This is not to say that your board is "conked", if it has been thru the kiln it may have turned brown in there in all of that heat. To be safe though, I would save it for somewhere where it won't be exposed to too much moisture.

    Also, kiln drying causes the extractives to evaporate, and it's these extractives, chemicals in the resin, that resist decay.

  31. #31
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    Default Re: Douglas Fir Again

    An excellent book on wood is R. Bruce Hoadley's Understanding Wood.

    I don't want to come off as a shill, but I can't say enough good things about it. It is written for a broad wood working audience and is perfectly relevant to boatbuilding.

    https://en.wikipedia.org/wiki/R._Bruce_Hoadley

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    Default Re: Douglas Fir Again

    Ron, I'm looking forward to seeing that hole repaired with a nice solid piece of quarter-sawn DF or cedar. Do you know what Wayne is planning to use? I think that my piece of DF will find a home as a repair for the rotten deck beam under the mast step.

    Gib, thanks for the further detail on DF. A couple of comments about this specific piece. First, it is very heavy. Far more than some other boards that I bought at the same time and which have a similar ring count. And in person I don't see any difference in color from those other pieces of DF, or from the 50 year old piece that I pulled out of Petrel. So I'm thinking it's fine. My plan is to use it as a repair piece for a deck beam that will be covered by plywood and fiberglass. So with any luck it won't get much exposure to moisture.

    Mr. Nutkin, I'll take a look at Understanding Wood. Seems like something I should add to my library. Thanks!
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    Default Re: Douglas Fir Again

    I think Wayne has already ordered the AYC for that spot on Snoose. Since that pic he has pulled the anchor roller and bow plate as there appears to be a little softness there as well which I've long suspected. It will be nice to have that taken care of. I'm going to have a lot of finish painting to do when he is done. Starting to get antsy about using the boat again as the weather starts to improve.

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    Default Re: Douglas Fir Again

    Quote Originally Posted by cstevens View Post
    What's the consensus? Good? Ok? Wouldn't use it to build a chicken coop? Currently rotting away as I sit here? Just trying to further my woodworking education a bit.
    Thanks,
    I wouldn't use it in a chicken coop, at least not without feeling guilty for having wasted it. I found a pic in http://www.hobbithouseinc.com/person...%20douglas.htm that shows similar end grain and figure in a quartersawn piece of DF:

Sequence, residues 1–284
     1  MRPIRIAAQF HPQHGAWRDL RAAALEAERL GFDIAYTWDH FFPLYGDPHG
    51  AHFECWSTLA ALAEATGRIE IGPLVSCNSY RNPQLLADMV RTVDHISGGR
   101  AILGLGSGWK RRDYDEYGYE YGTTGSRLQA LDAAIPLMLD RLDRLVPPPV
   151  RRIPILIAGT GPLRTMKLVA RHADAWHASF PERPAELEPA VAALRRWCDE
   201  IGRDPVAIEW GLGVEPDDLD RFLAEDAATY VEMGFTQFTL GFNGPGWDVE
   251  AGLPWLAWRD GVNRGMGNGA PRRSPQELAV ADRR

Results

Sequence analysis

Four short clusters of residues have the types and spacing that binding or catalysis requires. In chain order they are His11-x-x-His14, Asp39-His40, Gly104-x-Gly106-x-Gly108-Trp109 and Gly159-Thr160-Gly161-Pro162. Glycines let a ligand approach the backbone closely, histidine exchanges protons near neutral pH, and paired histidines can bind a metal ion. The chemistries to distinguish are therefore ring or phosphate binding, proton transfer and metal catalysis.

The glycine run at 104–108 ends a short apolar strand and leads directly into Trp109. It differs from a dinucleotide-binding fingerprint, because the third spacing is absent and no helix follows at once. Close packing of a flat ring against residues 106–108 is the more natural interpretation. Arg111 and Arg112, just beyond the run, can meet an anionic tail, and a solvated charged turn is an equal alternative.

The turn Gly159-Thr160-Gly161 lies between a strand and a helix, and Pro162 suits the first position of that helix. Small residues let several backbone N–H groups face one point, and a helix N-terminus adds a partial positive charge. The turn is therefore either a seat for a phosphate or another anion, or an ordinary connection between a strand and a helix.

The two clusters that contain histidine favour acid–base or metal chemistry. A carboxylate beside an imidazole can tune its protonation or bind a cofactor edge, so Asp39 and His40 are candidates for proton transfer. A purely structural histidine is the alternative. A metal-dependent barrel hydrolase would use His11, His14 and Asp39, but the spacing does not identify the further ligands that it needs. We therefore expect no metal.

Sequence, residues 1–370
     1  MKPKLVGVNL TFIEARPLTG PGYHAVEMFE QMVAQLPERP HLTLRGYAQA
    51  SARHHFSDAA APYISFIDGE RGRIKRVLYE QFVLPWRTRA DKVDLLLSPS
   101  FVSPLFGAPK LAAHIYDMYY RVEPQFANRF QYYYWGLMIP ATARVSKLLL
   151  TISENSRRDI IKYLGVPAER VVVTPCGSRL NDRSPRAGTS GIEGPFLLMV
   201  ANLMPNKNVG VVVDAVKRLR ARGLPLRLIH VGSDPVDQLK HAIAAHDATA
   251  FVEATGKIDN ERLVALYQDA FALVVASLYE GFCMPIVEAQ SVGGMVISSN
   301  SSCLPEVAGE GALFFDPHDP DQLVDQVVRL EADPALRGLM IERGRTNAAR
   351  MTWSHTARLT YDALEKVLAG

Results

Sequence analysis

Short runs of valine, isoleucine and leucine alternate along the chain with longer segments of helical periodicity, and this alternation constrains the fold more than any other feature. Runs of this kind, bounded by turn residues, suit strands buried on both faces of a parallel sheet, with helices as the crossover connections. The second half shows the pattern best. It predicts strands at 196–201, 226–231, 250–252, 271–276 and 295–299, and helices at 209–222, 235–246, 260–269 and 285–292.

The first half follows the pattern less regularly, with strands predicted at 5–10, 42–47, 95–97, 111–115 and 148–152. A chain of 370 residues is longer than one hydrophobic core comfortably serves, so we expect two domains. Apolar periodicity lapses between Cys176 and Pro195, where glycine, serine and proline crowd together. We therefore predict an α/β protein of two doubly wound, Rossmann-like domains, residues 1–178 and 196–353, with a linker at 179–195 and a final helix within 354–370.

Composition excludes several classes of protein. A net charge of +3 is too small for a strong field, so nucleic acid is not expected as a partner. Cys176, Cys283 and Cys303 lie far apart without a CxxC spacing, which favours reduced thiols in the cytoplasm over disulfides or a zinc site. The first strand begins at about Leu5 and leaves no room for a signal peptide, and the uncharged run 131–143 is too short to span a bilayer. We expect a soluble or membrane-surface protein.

It is almost at the bottom of the page, so not hard to find.

    It looks better to me than it does to Gib, who has vastly more experience than I do here. I can only argue with Gib to the extent that the color quality of the picture is an issue to be considered before putting too much stock in a judgement based on the color that Gib saw on his monitor. I would not ignore his warning, but I would try to learn more about what the colors should look like. Gib may not have seen the same color that you saw. Your camera settings, the ambient light etc. all change the color that you see in a picture. So too brown is a bad thing based on his experience as long as the color he saw was real, which depends on a lot of things that are hard to control. This page talks about color, but is focused more on deliberate color alteration than the hard to avoid problems that I am talking about: http://www.hobbithouseinc.com/person...correction.htm

    A relationship between density and mechanical properties is given on page 5-29 of this: https://www.fpl.fs.fed.us/documnts/f...chapter_05.pdf

    The reason that you don't want grain runout is that wood is around 20 times stronger in the grain direction as it is across the grain. When the grain runs at an angle to the length of the board, the load is applied at a bad angle to the grain, so the board is weak. Look at the tables 5-3a and 5-3b in the fpl publication above. Modulus of rupture is pretty much the same as tension parallel to the grain. For DF, the MOR is 12400 psi, shear is 1130psi and tension perpendicular to the grain is only 340psi. As the runout angle increases, the strength of the board is going from MOR to shear to tension perpendicular to the grain.
    Last edited by MN Dave; 04-17-2017 at 01:08 AM.
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    Default Re: Douglas Fir Again

    I own http://www.philadelphiasalvage.com/ . Salvage only Old Growth lumber from buildings built over 120 years ago. The old growth is MUCH more durable than anything new.

    For what it's worth, I sell Old Growth Southern Yellow Pine to a number of boat yards. Not much out there more durable than the Old Yellow Pine and I have it in large 10x10" x 15 long pieces. Do NOT confuse this with modern Yellow Pine. They screwed up at the South Street Seaport and rebuilt a tug rail in the new stuff, it lasted about 4 years.